Vermont Reads 2021: We Contain Multitudes
Our Vermont Reads choice for 2021 is a novel in letters. It tells the paired stories of two very different teenage boys who are initially reluctant to participate in a pen-pal assignment from their high school English teacher, but ultimately grow well beyond the boundaries of the school project to reveal earth-shattering revelations about themselves and their families.
The novel contains many strands relevant to current community conversations including economic disparities, how veterans return from war, domestic violence, opioid addiction, bullying, and coming out. But lest it sound too heavy, it is also a beautiful story of friendship, poetry, coming of age, and aspiring to move beyond social expectations.
We Contain Multitudes is a novel of brave heart, told with snap and style. As the protagonists write mandatory letters to each other, we come to realize the letters are also both to themselves as writers—to chart their maturing—and to us as their unseen champions.
Canadian writer Sarah Henstra says she was inspired to write We Contain Multitudes by her own teenage kids, and how they communicate with each other and their friends, especially around complicated issues. She succeeds in capturing the wonderful, difficult, scary, joyful, and curious events that make up the lives of the two main characters, teenagers Jonathan Hopkirk and Adam Kurlansky.
As a bonus, the novel is also a lovely interweaving of the work of two great figures in American arts and letters – 19th century poet Walt Whitman and rock superstar Prince.
You will point out, of course, that everyone wears a different face at school. And you’ll point out the extent to which I have trouble switching faces explains much about how I get treated at school. You’ll be right on both counts. But somehow with you the change is more extreme, like two different people. I wonder, Kurl, when you look in the mirror, do you ever get to see the unguarded face? Because I wish you could. It’s a wonder to behold.
Vermont Humanities’ initial partners in presenting this work to Vermont audiences will include Outright Vermont, Vermont’s only statewide organization serving LGBTQ+ youth, and the Vermont Network Against Domestic and Sexual Violence’s Youth Advocacy Task Force.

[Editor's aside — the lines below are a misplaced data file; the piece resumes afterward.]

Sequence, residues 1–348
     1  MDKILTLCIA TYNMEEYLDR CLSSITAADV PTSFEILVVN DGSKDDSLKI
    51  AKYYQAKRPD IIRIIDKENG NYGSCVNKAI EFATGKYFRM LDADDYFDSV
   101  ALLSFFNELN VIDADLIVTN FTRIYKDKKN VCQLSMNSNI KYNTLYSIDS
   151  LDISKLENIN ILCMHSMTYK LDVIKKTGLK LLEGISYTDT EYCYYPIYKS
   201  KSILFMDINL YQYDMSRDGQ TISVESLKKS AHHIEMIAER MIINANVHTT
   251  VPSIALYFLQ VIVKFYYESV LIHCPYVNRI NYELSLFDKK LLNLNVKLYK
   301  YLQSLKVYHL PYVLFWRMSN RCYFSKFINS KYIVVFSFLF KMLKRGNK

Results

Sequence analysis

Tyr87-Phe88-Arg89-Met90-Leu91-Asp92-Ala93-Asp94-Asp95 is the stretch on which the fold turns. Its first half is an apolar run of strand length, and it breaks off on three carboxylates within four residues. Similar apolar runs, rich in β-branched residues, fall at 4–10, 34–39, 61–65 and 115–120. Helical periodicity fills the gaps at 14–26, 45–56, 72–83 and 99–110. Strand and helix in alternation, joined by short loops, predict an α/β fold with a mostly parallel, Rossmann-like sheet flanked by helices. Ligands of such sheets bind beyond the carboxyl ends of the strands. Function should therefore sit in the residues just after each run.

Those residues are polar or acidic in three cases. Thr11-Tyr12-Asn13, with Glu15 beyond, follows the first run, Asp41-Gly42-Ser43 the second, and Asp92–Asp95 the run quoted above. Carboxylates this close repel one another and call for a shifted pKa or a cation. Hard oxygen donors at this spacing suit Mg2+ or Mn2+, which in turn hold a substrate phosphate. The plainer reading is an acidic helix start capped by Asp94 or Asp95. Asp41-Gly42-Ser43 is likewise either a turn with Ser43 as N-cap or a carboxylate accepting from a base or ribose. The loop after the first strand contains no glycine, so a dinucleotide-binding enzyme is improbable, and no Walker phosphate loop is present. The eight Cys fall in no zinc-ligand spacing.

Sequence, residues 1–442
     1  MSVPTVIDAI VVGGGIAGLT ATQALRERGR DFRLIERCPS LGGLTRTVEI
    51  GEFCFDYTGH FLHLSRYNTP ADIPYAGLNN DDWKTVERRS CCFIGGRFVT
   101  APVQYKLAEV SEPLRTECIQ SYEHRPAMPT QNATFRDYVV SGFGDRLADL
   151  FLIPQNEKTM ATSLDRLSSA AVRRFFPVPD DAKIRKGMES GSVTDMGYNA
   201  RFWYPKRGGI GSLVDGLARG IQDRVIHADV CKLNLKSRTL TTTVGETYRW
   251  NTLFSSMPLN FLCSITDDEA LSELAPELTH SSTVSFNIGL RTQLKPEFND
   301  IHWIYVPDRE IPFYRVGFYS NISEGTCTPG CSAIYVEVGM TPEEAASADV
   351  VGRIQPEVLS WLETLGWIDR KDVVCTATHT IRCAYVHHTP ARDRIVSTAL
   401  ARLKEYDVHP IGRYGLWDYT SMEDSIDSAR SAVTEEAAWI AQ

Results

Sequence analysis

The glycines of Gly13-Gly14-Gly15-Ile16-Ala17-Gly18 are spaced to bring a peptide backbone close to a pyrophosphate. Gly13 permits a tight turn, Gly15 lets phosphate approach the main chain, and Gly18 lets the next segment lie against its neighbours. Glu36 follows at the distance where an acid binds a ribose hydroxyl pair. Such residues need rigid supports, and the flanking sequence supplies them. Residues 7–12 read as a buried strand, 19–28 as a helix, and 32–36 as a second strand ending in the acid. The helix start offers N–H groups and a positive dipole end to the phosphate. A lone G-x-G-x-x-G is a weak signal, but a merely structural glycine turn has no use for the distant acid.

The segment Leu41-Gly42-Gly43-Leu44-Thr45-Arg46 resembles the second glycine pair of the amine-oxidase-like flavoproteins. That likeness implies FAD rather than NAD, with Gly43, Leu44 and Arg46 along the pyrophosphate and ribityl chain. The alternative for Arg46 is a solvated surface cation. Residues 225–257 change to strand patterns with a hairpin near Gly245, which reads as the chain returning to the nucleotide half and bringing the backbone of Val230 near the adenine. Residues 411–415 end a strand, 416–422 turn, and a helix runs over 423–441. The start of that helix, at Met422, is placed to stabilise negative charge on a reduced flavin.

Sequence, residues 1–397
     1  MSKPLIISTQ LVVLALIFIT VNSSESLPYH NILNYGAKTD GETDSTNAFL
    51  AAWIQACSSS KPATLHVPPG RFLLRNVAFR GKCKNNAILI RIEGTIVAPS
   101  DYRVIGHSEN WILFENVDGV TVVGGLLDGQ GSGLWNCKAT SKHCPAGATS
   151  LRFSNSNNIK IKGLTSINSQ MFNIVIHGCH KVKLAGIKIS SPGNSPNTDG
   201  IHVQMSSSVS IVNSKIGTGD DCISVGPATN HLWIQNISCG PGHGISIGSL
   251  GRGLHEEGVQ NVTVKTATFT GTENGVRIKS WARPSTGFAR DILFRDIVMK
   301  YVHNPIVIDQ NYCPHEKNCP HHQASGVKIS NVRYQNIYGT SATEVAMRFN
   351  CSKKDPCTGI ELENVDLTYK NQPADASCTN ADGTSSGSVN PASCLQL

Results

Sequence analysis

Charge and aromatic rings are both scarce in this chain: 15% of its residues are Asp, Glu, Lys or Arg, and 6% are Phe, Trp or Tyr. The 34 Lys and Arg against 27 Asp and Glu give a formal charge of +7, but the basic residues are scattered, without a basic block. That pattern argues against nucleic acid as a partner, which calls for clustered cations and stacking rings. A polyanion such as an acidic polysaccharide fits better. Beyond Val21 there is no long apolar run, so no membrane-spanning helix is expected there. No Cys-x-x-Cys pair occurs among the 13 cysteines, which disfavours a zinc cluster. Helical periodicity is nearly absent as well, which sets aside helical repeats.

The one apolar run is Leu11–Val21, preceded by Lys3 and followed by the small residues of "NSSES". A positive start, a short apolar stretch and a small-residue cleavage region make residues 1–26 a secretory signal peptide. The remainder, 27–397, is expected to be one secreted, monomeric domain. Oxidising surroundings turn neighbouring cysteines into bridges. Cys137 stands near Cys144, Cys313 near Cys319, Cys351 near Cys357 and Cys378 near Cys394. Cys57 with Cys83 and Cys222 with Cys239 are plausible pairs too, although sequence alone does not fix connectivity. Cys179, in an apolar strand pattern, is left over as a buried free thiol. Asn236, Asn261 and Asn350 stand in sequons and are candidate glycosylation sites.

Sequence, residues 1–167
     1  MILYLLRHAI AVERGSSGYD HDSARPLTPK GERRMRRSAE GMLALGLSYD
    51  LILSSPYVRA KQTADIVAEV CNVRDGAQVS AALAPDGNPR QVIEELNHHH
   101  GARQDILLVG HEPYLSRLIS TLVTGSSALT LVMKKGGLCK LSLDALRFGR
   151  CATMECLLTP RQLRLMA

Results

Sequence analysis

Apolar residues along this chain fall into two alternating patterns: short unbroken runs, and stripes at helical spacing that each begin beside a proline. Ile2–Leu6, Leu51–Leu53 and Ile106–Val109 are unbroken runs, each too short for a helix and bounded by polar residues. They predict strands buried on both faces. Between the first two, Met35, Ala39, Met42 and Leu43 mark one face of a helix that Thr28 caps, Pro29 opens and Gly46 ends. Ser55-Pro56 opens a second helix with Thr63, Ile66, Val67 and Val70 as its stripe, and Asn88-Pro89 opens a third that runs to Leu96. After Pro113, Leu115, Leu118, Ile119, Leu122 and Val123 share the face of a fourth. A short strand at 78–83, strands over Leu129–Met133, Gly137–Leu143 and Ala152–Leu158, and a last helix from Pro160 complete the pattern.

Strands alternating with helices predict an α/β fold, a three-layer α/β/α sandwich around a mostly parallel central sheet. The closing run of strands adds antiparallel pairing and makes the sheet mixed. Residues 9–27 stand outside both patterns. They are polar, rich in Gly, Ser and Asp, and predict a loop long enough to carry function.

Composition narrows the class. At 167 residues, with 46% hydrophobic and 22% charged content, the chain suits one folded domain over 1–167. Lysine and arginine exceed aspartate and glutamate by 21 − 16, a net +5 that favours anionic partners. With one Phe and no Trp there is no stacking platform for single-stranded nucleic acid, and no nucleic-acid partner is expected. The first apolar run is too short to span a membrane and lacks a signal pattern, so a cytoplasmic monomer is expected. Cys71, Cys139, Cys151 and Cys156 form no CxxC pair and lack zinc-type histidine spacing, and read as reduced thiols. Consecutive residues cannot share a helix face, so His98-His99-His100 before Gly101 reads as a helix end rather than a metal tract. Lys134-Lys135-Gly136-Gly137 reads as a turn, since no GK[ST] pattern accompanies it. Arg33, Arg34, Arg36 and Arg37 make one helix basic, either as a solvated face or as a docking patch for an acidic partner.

We will post resources on the themes of the book, as well as the application to host a Vermont Reads project, in early May. Training and facilitation opportunities will also be available to community groups.
This is an absolutely extraordinary work of fiction that proves the epistolary novel is an art form.
About Sarah Henstra
Sarah Henstra is a professor of English at Ryerson University in Toronto, Ontario, and the author of two previous novels, Mad Miss Mimic and The Red Word, which won the Governor General’s Literary Award in Canada.
Ms. Henstra will be available to participate in a limited number of Vermont Reads projects via Zoom throughout the program year, please contact us for details.
Dear Little Jo,
I’m aware that I keep coming back to these topics that have nothing to do with anything. These letters I’m writing are starting to feel like one long ongoing letter in my head. I should tell Jo about that time I saw the Red Eft, I’ll think, or, I forgot to tell Jo that these birds actually look really magnificent in the sky. And then I’ll read one of your letters and think, People have no idea what I’m like. I mean the gap between what people see and what’s actually in my head sort of shocks me when I read your letters. I guess everyone has this gap. It’s just that they don’t come face-to-face with it very often….
We will post more information about Vermont Reads 2021—including a full Information Packet—in May.
Vermont Reads Supporters
Vermont Humanities is grateful to the underwriter of Vermont Reads 2021. Jan Blomstrann, and for the support of the Jack & Dorothy Byrne Foundation.